Track 12: Brian Tillemans, LADWP
The $39-million Lower Owens River Project (LORP) begun in 2006 is a 62-mile long river restoration project covering 77,657 acres in the Owens Valley. The project is the largest of its kind ever attempted in the United States. The goal stated for this legally mandated project was to rewater the river channel and the adjacent floodplain that was consequently drained after the city diverted natural course of the Owens River into the newly constructed Los Angeles Aqueduct in 1913.
The LORP was one of the mitigation projects outlined in the 1991 Inyo-LA Long Term Water Agreement (LTWA) and was mandated in the 1997 Memorandum of Understanding (MOU) between the City of Los Angeles, Inyo County, LADWP, the California Department of Fish and Game, the State Lands Commission, the Sierra Club, and the Owens Valley Committee. Essentially, the LORP is a legally binding compensation meant to offset ecological damage caused by excessive groundwater pumping instigated by LADWP from 1970-1990. After years of political bickering and a drawn out series of lawsuits brought on by various entities, the LORP officially commenced on December 6th, 2006 bringing water to the river which had been essentially waterless for 93 years.
“The goal of the LORP is the establishment of a healthy, functioning Lower Owens riverine-riparian ecosystem, and the establishment of healthy, functioning ecosystems in the other physical features of the LORP, for the benefit of biodiversity and Threatened and Endangered Species, while providing for the continuation of sustainable uses including recreation, livestock grazing, agriculture, and other activities.”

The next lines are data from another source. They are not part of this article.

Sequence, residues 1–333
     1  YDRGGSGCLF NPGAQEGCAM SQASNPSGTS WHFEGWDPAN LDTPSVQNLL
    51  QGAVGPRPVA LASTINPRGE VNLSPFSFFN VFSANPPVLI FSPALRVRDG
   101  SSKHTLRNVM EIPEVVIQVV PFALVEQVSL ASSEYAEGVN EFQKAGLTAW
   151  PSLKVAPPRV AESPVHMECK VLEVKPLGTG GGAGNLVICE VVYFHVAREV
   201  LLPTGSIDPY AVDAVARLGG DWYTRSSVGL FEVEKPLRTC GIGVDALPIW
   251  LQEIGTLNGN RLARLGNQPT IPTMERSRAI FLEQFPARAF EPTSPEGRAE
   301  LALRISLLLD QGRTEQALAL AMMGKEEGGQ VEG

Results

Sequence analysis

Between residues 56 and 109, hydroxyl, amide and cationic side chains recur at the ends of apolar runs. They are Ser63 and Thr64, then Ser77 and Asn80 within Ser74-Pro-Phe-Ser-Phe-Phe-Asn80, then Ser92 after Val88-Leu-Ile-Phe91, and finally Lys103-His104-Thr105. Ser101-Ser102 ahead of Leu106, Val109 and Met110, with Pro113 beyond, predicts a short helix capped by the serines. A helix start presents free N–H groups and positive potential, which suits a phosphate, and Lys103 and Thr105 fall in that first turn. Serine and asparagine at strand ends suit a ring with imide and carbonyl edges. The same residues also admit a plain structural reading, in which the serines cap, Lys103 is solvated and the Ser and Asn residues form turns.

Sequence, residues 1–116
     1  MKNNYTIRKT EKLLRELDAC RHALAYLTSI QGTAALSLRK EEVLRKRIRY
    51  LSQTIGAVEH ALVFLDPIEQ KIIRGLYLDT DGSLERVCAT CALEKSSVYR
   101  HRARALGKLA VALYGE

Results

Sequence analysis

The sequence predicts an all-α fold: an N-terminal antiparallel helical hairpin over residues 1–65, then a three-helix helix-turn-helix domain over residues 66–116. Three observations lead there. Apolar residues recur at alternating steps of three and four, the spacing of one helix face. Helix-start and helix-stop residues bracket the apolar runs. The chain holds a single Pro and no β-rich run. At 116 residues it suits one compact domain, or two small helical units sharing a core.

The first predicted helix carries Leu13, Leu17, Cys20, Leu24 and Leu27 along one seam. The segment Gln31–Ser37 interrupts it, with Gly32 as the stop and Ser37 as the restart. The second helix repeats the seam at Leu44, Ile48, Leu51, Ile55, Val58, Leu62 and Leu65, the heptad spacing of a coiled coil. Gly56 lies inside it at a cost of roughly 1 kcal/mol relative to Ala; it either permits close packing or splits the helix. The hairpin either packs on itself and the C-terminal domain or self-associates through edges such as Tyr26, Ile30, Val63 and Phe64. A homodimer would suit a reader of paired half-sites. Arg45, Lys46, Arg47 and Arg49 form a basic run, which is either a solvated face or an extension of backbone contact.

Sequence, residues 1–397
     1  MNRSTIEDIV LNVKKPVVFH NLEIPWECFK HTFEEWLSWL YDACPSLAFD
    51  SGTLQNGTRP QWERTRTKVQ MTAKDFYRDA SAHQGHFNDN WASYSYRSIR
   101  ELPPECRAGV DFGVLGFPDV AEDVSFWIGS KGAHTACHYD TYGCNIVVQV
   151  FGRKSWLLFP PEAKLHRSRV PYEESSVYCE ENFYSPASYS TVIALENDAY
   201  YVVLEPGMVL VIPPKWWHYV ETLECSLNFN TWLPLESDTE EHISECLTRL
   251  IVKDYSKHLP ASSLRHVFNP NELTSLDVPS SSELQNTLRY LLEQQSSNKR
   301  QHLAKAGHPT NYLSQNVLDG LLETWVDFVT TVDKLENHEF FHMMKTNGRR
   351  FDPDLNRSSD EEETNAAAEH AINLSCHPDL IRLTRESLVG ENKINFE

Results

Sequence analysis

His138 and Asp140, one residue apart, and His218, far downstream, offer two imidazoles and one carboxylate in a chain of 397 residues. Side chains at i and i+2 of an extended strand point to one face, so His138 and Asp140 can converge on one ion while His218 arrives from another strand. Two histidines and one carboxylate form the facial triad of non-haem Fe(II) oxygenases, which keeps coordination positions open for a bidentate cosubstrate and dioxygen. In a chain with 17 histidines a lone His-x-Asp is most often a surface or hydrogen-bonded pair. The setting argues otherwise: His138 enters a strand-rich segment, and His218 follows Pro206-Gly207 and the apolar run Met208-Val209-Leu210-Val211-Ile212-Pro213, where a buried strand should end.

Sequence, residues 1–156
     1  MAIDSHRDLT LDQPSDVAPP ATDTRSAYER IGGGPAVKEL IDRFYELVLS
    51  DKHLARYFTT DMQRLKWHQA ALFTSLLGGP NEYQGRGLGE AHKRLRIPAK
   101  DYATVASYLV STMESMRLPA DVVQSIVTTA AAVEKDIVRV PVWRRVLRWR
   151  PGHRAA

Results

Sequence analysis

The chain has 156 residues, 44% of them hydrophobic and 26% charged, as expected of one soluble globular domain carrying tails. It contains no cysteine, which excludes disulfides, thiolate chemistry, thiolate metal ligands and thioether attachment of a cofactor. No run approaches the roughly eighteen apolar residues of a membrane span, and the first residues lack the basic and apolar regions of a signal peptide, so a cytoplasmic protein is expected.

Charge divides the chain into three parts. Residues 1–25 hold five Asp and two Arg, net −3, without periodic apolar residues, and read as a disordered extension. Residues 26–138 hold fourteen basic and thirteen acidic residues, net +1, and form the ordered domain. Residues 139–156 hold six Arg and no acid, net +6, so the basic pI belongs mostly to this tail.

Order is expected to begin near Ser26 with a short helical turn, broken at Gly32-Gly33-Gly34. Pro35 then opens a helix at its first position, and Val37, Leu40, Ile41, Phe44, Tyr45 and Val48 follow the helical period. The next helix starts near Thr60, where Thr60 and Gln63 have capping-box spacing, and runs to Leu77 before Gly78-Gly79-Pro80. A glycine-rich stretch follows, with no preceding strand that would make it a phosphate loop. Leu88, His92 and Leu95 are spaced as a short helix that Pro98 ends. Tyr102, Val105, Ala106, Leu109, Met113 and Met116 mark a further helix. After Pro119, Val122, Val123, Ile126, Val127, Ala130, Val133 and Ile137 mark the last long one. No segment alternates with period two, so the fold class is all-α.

The 1997 MOU directed LADWP to establish “a permanent base flow of 40 cubic feet per second in the river channel and higher seasonal habitat flows” for two waterfowl and shorebird riparian habitat areas including the 20,400-acre Blackrock Waterfowl Management Area and the Owens River Delta Habitat Area plus several off-river lakes and ponds. Water received at the Owens Lake Delta located at the north end of the lake is used for a separate federally mandated air pollution mitigation project managed by LADWP to control dust storms on the dry lakebed. Any excess water not used at the lake is pumped back into the Los Angeles Aqueduct at a pumping station located at the delta.
Although not without problems, the LORP has been successful in its goal to enhance the fishery, create riparian and marsh habitat, and promote recreational opportunities such as fishing and canoeing. In 2011, the Los Angeles Times reported that, “there are 4,000 largemouth bass and 2,000 bluegill per mile, and 108 species of birds, 41 of them new to the area.” In an attempt to create stands of willow and cottonwood opposition has been met in the form of the industrious beaver, a non-native species to the area, which enjoys dining on the young seedlings of trees that, in turn, fail to establish. The management overseeing the LORP is working on ways to either control or eliminate the beaver. Grazing cattle are present their own set of control issues. Tules (a species of native California bulrushes and other similar vegetation) and other non-natives such as salt cedar are also wrecking havoc with the preferred habitat model. An overgrowth of tules or salt cedar can obstruct ideal stream flows and strangle the river if the plants are allowed to over dominate the riparian corridor and channels.